Sound Advice: Sad13 with Stef Chura, The Funs and Leggy (March 7)

Sadie Dupuis aka Sad13 plays The Woodward Theater.

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click to enlarge Sad13 - Photo: Provided
Photo: Provided
Sadie Dupuis is a big fan of Dan Savage’s long-running sex advice column “Savage Love.” Along those lines, the frontwoman for slanted Indie outfit Speedy Ortiz — for the uninitiated, think Pavement fronted by prime-era Liz Phair — calls her new solo project, dubbed Sad13, “advice column Pop.”

Dupuis wrote the 10 songs that would make up Sad13’s debut album, Slugger, over a couple-week period while holed up in Philadelphia early last year. Inspired by a recently ended abusive relationship, Dupuis wanted to create a Pop album that explores the topic of consent from a female perspective — and do it via a rush of keyboards and soaring, candy-coated choruses.

Take “Just a Friend,” which plays off of Biz Markie’s song of the same name. Biz’s version is all about picking up a lady and opens with this couplet: “Have you ever met a girl you tried to date?/But a year to make love she wanted you to wait.” Dupuis’ version offers up a clarification — “Put away your old ideas about my friend Ben/True I love him big time, but I didn’t mean it like that” — before turning the tables (“Objectify these boys!”).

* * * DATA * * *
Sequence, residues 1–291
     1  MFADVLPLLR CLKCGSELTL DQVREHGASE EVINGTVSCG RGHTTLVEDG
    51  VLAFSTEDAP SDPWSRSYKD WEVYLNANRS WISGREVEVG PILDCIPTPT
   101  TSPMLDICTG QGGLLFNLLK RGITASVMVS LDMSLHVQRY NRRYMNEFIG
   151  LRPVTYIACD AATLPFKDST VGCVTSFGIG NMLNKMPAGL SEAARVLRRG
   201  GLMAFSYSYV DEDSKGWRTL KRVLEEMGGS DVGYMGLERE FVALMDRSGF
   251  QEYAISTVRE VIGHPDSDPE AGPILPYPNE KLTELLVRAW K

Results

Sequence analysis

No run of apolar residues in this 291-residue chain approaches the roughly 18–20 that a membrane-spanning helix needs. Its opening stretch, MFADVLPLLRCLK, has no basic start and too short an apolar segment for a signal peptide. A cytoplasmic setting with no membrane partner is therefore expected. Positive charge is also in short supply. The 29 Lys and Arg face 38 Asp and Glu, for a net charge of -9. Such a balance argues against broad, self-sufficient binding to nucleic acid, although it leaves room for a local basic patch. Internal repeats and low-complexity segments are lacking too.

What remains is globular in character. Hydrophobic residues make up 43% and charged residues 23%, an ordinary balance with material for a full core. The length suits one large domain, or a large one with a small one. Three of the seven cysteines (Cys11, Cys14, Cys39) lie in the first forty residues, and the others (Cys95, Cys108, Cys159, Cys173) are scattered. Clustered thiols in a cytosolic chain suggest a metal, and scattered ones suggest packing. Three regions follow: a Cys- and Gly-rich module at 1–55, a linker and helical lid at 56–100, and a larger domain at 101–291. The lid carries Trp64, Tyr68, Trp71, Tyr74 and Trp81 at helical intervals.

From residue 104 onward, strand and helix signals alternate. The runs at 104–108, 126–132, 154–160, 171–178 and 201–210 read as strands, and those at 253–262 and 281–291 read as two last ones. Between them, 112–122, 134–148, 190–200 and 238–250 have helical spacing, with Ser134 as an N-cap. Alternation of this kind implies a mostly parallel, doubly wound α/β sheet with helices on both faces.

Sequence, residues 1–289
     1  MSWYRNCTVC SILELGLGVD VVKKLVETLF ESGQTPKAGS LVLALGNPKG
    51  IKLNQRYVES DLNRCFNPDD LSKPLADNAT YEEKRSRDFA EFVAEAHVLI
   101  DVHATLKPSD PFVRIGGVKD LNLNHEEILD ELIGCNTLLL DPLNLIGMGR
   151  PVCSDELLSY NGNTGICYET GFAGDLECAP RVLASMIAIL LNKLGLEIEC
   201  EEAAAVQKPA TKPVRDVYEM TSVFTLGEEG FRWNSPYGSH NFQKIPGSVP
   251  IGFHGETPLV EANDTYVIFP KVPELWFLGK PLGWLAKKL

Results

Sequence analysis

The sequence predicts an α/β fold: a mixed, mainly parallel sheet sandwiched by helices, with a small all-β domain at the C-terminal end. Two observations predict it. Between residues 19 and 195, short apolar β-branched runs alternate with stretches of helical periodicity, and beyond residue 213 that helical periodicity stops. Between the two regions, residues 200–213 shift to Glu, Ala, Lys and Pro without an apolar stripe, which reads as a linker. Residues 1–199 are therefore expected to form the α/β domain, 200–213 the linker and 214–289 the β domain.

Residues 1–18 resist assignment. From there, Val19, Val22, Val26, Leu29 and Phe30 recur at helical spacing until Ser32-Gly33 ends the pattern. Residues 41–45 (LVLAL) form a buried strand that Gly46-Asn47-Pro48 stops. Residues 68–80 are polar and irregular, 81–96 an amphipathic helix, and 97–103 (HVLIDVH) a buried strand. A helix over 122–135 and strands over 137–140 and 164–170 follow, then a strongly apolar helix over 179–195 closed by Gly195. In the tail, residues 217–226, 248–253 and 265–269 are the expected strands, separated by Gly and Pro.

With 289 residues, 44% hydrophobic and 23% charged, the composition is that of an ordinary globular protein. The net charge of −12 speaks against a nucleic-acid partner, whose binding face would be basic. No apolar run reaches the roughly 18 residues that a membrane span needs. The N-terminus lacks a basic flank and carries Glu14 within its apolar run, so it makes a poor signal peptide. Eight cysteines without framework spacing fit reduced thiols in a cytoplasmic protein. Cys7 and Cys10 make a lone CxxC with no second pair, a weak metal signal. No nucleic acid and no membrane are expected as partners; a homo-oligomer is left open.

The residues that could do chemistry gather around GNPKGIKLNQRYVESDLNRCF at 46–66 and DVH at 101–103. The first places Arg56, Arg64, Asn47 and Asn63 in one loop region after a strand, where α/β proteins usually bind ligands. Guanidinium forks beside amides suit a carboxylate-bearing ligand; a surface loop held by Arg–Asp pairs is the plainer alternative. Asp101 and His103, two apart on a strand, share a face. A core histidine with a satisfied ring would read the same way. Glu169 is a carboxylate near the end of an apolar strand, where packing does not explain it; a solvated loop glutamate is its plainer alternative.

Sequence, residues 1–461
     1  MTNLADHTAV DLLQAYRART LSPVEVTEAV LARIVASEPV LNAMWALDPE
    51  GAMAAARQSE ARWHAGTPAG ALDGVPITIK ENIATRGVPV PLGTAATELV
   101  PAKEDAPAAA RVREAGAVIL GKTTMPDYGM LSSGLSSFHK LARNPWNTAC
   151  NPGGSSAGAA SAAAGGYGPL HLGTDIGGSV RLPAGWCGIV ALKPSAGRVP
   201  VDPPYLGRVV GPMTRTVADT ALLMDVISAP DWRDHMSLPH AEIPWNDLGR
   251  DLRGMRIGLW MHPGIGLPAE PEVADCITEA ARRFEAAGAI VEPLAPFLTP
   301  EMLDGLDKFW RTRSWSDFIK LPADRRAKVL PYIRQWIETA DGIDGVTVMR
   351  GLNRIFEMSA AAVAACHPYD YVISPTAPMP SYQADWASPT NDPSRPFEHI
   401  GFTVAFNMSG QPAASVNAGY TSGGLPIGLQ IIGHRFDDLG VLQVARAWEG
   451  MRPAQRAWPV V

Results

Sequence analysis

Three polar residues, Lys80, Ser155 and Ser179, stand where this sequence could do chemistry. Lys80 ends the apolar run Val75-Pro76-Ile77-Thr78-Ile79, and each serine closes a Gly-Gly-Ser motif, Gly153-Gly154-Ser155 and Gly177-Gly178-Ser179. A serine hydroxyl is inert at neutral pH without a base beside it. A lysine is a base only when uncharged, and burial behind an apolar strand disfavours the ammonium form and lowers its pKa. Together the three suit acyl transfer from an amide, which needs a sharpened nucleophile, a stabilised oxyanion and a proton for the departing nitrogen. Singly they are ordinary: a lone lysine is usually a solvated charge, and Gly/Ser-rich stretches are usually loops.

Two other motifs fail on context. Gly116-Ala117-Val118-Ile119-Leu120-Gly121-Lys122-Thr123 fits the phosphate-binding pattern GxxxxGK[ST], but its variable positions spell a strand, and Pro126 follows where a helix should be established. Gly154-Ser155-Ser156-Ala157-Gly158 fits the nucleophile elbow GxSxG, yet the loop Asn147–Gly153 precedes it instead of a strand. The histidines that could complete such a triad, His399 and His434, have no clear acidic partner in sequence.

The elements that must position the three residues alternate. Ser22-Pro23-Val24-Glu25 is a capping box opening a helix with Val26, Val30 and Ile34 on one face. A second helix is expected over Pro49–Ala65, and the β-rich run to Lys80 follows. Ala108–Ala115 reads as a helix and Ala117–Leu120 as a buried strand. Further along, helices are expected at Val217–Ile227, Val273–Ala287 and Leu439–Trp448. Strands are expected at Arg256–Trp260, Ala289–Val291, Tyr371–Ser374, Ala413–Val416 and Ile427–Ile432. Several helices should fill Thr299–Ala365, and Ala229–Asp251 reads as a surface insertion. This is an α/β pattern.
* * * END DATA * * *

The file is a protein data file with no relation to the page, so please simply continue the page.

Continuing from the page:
“The song is a response to (Biz Markie’s song) ‘Just a Friend,’ which I love, but I’m like, ‘Fuck you, Biz!’ ” Dupuis said in an interview with Elle late last year. “You should talk to a girl who’s just a friend. That’s the sign of a healthy, well-adjusted person who doesn’t view gender as a reason to befriend someone.”

“Get a Yes” is perhaps the most overt declaration in Dupuis’ exploration of consent, with her singing, “I say yes to the dress when I put it on/I say yes if I want you to take it off.” 

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